Westfield's Boardman Lane cadre, having repelled the Army's paltry 150 employees and a Mega Base, had better begin readying for the next industrial tenant, the one predicted by the Chamber of Commerce, with a tiny footprint and 1000 car-less employees making costly microscopic widgets which will fill the property tax coffers without disturbing anyone at all.

Maromas, too, will be targeted to perform as a cash register and provide more revenue despite the nearly one billion dollar state-of-the-art electric power generating plant currently under construction there. Fortunately, unlike much of Westfield, it is primarily a big heap of very difficult to develop rocks and is more suitable for passive recreation. Nevertheless, the few residents need to remain alert and will need support to conserve this green treasure as a benefit for all.

Rather than always looking farther a field, gobbling open space, encouraging sprawl and disappearing our Connecticut River front, maybe some Smart Growth principles will be employed to guide Middletown's development needs. In the misty predictable future, when clean water is more valuable than oil, gas or gold, and a green infrastructure is of equal value to revenue production, we may find ourselves in a good position, for a change, providing we are not foolish today.

With doggedly determined and dedicated Middletown Eye reporters, engaged JAM-like citizens and enlightened City Officials, we have a real chance for success. Right?

Jasper Cane

Anonymous said...

Hasn't anyone told these politians that the election is over and that they can go away. I wonder how Bysiewicz is going to explain away her conflict of interst if the Bysiewicz Industrial Park site is chosen. Perhaps it is being pushed as a favor to Bysiewicz.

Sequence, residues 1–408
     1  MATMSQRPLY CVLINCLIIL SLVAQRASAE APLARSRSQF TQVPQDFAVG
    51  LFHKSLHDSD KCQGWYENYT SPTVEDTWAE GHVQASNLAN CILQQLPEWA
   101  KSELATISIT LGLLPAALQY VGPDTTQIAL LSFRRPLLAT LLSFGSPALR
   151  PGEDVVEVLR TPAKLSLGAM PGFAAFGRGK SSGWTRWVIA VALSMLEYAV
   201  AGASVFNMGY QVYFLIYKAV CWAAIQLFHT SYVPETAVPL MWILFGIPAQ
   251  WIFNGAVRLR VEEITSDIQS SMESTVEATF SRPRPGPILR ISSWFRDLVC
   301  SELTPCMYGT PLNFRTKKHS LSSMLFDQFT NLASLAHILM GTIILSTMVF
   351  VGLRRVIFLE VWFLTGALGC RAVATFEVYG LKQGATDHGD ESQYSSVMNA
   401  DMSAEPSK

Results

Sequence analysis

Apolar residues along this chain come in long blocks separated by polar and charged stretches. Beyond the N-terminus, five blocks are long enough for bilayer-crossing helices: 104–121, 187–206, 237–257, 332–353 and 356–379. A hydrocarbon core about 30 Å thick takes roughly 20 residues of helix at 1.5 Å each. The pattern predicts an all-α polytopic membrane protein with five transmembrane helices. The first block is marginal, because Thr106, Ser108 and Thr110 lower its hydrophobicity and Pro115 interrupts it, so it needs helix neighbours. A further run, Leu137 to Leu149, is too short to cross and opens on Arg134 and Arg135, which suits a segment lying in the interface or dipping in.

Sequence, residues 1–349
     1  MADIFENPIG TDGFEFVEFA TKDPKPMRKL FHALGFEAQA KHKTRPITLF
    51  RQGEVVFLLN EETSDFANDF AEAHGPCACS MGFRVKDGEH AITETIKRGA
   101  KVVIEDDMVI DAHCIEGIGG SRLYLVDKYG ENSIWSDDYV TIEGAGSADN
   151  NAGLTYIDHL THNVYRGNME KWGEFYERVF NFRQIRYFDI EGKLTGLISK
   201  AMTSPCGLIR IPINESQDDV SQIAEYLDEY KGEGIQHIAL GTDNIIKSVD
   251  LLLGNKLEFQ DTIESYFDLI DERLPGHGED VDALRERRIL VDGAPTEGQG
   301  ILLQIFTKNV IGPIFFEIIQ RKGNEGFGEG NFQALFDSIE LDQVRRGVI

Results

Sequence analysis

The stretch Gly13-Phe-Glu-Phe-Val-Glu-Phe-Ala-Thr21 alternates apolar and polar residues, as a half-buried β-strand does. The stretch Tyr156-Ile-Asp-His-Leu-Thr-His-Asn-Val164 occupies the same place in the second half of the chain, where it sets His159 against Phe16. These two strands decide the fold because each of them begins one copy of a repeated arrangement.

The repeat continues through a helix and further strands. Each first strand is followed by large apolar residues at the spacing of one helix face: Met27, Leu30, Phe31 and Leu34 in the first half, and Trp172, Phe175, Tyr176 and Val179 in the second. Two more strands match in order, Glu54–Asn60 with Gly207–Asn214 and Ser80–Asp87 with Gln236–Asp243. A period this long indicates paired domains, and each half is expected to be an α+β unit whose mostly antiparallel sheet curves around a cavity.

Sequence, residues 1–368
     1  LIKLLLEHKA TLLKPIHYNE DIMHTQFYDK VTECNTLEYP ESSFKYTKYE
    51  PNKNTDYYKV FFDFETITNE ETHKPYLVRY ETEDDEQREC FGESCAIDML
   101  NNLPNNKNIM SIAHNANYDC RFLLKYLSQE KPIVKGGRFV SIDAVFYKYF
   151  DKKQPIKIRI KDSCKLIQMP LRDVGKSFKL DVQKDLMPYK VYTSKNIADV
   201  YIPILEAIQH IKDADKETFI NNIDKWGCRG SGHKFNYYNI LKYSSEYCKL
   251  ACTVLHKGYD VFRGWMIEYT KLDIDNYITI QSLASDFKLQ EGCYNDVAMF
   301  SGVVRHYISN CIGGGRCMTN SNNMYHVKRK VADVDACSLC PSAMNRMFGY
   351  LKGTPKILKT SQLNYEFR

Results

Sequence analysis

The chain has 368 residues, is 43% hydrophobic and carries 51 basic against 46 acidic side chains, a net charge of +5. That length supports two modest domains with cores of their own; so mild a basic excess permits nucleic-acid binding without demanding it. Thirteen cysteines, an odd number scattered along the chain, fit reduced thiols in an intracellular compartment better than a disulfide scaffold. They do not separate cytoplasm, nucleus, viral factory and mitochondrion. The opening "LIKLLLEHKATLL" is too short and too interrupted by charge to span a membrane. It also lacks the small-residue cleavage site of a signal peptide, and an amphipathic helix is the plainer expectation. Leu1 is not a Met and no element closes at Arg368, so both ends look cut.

Middletown Eye (Ed McKeon) said...

The mysterious Mr. Jasper Kane hammering us all in our most vulnerables.

So, you were at the meeting yesterday, otherwise you wouldn't have known about the proposed bourbon toast.

Are you the mayor? The cameraman from Channel 61? The waiter?

Damn you, reveal yourself. Or not.

Anonymous said...

Is it possible that Jasper Cane is Larry McHugh?

Jen Alexander said...

I couldn't help but notice the juxtaposition of JAM's excellent blow-by-blow about mediocre media coverage against the notice that the "parent" of the Middletown Press is putting two of its other newspapers out of their misery (the New Britain Herald and the Bristol Press).

The way I see it, this whole army base situation is intimately linked with the failings of our local media. Believe me -- this case (not to mention other bits of civic business) would have been entirely different if we had the kind of local, responsible and professional media that Middletown used to enjoy. And when I say that we used to have that -- I'm talking about 20 years ago, when the Press printed two sections of local news every afternoon, and the Courant tried to match them, and WCNX radio reported local stories on-the-hour.

Our democracy literally depends on the fourth estate (the press) to function properly. When our leaders are left to their business, without informed and dedicated reporters following up on their prouncements and their work, it leads to trouble. I think it's as much about human nature as it is about any sort of ill will -- it's a lot of work to provide open access to the workings of government (at any level). When the press isn't at your heels, those who are in power are just less likely to bother with transparency.

So for me, the question is this: Is it really impossible to have an economic model that works for the research and writing of local news? I find that hard to believe -- though I know the realities of the newspaper business have changed. Our remaining local reporters are too underpaid and too transient to do the job required of them -- that much is clear. But the issue is just too important to let slide.

Thank goodness that the volunteer writers of the EYE are paying so much attention to this issue - it will undoubtedly change the outcome. I wish that the EYE had more writers to follow other issues in town, which are in equal need of coverage! And more than that, I wish that Middletown had such terrific and professional news outlets that we didn't need to write our own paper in our spare time!

Anonymous said...

Somehow, I detect a note of irritation in jen alexander's comment but I can not see its source. Was JAM saying something about the mediocre press coverage of the Press Event? I did not get that. The death of the 4th estate is extremely dangerous but appears inevitable. Can bloggers be expected to take up the slack of professionals? Maybe on a local scale, they can do a better job but to whom would they answer on a regional, state or national level?